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My top.sls looks like this:

    - python
    - memcache
    - nbviewer
    - supervisor
    - firewall

I'm on SaltStack 0.17 and the python state doesn't get executed first. This results in later states failing.

Within the states themselves, they go in order but the top file doesn't.

What way should these states be organized?

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The top-file should be executed in the order it is defined by default starting in 0.17.0. If it's not, this is a bug and should be reported on Github. – basepi Oct 14 '13 at 15:50
After setting up the salt environment again, this time using the dev branch of saltstack, I found the issue. The state for python and nbviewer both had a "packages:" section (conflicting IDs). This resulted in an error report on the dev branch but silent clobbering and failing on the latest release. – Kyle Kelley Oct 16 '13 at 13:43
This conflicting IDs problem you hit is also a bug, but it has been fixed, and that fix will be in the 0.17.1 release later today. =) – basepi Oct 17 '13 at 16:56
Rad. It did at least show me what I had to fix in my own salt states and that each of those was an ID necessary to be unique across states. – Kyle Kelley Oct 17 '13 at 19:56
Weird, I think I just hit this in 0.17.5. Same symptoms: states executed out of the order defined in the top file, with no obvious error messages. Running again with -l debug showed "Detected conflicting IDs, SLS IDs need to be globally unique." - which wasn't reported the first time around. (The conflicting IDs were in my code.) – Steve Bennett Feb 15 '14 at 7:10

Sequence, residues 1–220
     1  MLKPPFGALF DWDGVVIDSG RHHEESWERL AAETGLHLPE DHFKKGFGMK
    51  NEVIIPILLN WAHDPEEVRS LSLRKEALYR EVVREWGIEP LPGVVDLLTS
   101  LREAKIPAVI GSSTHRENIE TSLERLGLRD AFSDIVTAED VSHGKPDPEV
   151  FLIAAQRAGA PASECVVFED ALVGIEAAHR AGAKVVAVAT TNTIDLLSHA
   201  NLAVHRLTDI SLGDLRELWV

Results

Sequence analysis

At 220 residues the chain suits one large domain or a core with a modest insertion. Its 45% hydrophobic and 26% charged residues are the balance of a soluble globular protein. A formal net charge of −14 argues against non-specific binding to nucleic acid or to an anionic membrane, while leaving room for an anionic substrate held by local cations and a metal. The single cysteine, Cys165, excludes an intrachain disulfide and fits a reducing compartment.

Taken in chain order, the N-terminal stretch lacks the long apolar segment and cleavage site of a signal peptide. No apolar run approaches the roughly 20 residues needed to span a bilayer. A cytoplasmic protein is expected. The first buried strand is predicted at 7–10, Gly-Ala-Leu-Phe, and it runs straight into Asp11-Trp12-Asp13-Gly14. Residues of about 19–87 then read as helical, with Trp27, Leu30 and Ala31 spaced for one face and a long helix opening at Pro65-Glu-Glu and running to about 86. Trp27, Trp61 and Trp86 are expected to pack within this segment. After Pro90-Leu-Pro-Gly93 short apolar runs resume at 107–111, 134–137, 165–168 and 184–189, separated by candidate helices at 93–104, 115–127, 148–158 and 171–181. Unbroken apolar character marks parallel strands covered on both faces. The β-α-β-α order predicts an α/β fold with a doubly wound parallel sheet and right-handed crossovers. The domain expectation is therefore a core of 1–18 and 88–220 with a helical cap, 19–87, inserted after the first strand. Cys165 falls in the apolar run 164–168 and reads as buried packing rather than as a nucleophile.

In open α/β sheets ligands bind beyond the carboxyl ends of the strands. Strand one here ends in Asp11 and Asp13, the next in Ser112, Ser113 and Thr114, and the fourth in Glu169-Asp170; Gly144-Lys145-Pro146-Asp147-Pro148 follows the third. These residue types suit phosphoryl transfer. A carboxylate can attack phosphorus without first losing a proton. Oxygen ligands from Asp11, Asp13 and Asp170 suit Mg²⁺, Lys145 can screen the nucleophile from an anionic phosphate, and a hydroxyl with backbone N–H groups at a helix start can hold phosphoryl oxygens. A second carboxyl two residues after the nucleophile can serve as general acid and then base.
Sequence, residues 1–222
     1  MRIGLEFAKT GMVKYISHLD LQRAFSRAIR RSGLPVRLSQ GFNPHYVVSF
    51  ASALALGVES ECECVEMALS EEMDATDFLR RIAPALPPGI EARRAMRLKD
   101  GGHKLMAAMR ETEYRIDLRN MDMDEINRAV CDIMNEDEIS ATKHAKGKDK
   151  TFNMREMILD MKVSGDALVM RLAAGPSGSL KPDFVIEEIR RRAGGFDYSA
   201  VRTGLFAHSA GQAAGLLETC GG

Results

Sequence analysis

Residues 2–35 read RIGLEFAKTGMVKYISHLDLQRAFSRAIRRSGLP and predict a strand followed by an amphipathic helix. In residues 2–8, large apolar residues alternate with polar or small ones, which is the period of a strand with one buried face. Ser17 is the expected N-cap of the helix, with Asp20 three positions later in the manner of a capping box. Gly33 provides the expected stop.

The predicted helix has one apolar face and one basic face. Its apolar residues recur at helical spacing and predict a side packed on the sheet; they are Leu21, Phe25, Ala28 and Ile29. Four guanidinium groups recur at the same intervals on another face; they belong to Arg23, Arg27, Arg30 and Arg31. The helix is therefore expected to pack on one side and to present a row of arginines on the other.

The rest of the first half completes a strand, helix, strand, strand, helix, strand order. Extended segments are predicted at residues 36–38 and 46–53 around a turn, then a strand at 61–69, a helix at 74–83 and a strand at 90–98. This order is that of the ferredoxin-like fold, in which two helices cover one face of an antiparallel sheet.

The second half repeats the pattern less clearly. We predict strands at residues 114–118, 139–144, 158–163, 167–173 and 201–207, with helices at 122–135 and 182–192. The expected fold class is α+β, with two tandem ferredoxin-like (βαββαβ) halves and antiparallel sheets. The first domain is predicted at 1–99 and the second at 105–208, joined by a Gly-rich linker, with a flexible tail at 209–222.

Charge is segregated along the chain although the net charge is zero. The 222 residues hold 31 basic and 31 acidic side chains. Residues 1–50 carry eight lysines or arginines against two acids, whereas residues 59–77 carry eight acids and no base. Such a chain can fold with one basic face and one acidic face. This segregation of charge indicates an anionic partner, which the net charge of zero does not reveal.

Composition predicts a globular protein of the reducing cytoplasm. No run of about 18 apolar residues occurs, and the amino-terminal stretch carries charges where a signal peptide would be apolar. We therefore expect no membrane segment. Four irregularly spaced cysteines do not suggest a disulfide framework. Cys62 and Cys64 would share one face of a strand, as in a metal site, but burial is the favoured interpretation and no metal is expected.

The order shouldn't matter. Dependencies should be managed explicitly and SaltStack will take care of the rest. So if you needed python to install memcache (not true, but just an example), you could add this to memcache/init.sls:

     - installed
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Sounds like I need to manage dependenices within each state file then, which means I can't have states rely on other states. My only issue here is that I want to install things like pip using the get-pip script, not the system packages. – Kyle Kelley Oct 13 '13 at 21:11
You can use the include syntax to include states from other sls files so you can require them explicitly. But really, with the new state_auto_order setting, you should be able to rely on auto ordering. As I mentioned above, those states executing out of order is a bug. – basepi Oct 17 '13 at 16:58
But is it good practice to rely on ordering of states in top.sls? Doesn't it mean that the state files can no longer be run on their own (e.g. with state.sls), and can no longer be included multiple times in top.sls (because what comes before them may be different in each case)? – Peter Niederwieser Nov 27 '13 at 12:55

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